(1) The Week in Review
Top Story: Five (5) Dallas police officers were killed and another 12 injured during a police shootings protest at the Black Lives Matter Rally in Dallas. Two civilians were also shot.
What was to have been a peaceful demonstration in response to earlier-in-the-week police shootings of black men in Minnesota and Louisiana quickly turned into chaos and bloodshed. But all of these killings are just the latest in what is becoming “the new norm” in America. What’s happening and where’s sanity and reason? How do we heal America?
In other news, on Tuesday, FBI Director James Comey said he wouldn’t recommend charges for Hillary Clinton’s use of a private email server while Secretary of State. Attorney General Loretta Lynch then followed on Wednesday by stating that Clinton would not be charged, saying “I received and accepted their (the FBI’s) unanimous recommendation that the thorough, year-long investigation be closed and that no charges be brought against any individuals within the scope of the investigation.”
Although the case may be officially closed and the biggest cloud hanging over Clinton in her campaign removed, there is plenty of political fallout for Clinton ahead.
Meanwhile, Trump continues to insist he didn’t mean anything by his Tweet last weekend depicting Hillary Clinton alongside a six-point star and piles of $100 bills, going so far as to blame members of the “dishonest media” for suggesting the star represents a Star of David. White supremacist leader David Duke praised Mr. Trump for slipping some “Red Pills” to the America people. And whether Trump meant it or not, it’s not the first time he’s made comments suggesting leanings in that direction…not distancing himself quickly from Duke’s support earlier this year; tweeting a graphic that overstated the rate of black-on-white murders; his infamous “taco bowl” tweet in celebration of Cinco de Mayo; re-tweeting a quote from fascist dictator Mussolini in February; or #AmericaFirst (the name of the isolationist, anti-Semitic national organization that urged the U.S. to appease Adolf Hilter).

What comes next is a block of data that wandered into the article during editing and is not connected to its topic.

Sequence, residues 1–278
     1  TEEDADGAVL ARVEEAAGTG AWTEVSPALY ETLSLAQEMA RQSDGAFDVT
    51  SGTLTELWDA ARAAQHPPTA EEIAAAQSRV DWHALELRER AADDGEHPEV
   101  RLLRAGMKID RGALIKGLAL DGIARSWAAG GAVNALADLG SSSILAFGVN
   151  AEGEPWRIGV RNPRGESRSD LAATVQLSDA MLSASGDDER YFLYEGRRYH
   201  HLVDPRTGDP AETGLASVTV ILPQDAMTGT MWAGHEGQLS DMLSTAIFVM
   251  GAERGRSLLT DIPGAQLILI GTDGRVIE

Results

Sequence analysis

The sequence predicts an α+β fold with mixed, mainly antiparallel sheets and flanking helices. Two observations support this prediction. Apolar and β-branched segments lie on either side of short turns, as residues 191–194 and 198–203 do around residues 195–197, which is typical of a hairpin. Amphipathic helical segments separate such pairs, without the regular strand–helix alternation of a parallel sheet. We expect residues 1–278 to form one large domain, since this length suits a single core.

JOIN Barb and John as they discuss The Week in Review and more.
(2) Beth Darnall, Ph.D.
Joining the show during the second hour is author and pain psychologist Beth Darnall, Ph.D. Beth will be discussing her book, Less Pain, Fewer Pills: Avoid the Dangers of Prescription Opioids and Gain Control over Chronic Pain.
Roughly 100 million Americans, close to one-third of the U.S. population, suffer from some form of chronic pain. Understandably, those who suffer from pain seek medical treatment. Over the past decade, powerful opioids that were formerly reserved for cancer patients have been routinely prescribed for chronic pain. Opioid prescriptions have increased by 400 percent, making them the most prescribed class of drugs in the U.S.
More than 40 deaths occur everyday from prescription opioid overdoses. In response to this growing health crisis, the CDC recently recommended drastic limits to the prescribing of opioids for chronic pain, and even for pain after surgery. Many patients are now left looking for a resource to help them taper off their pain medications.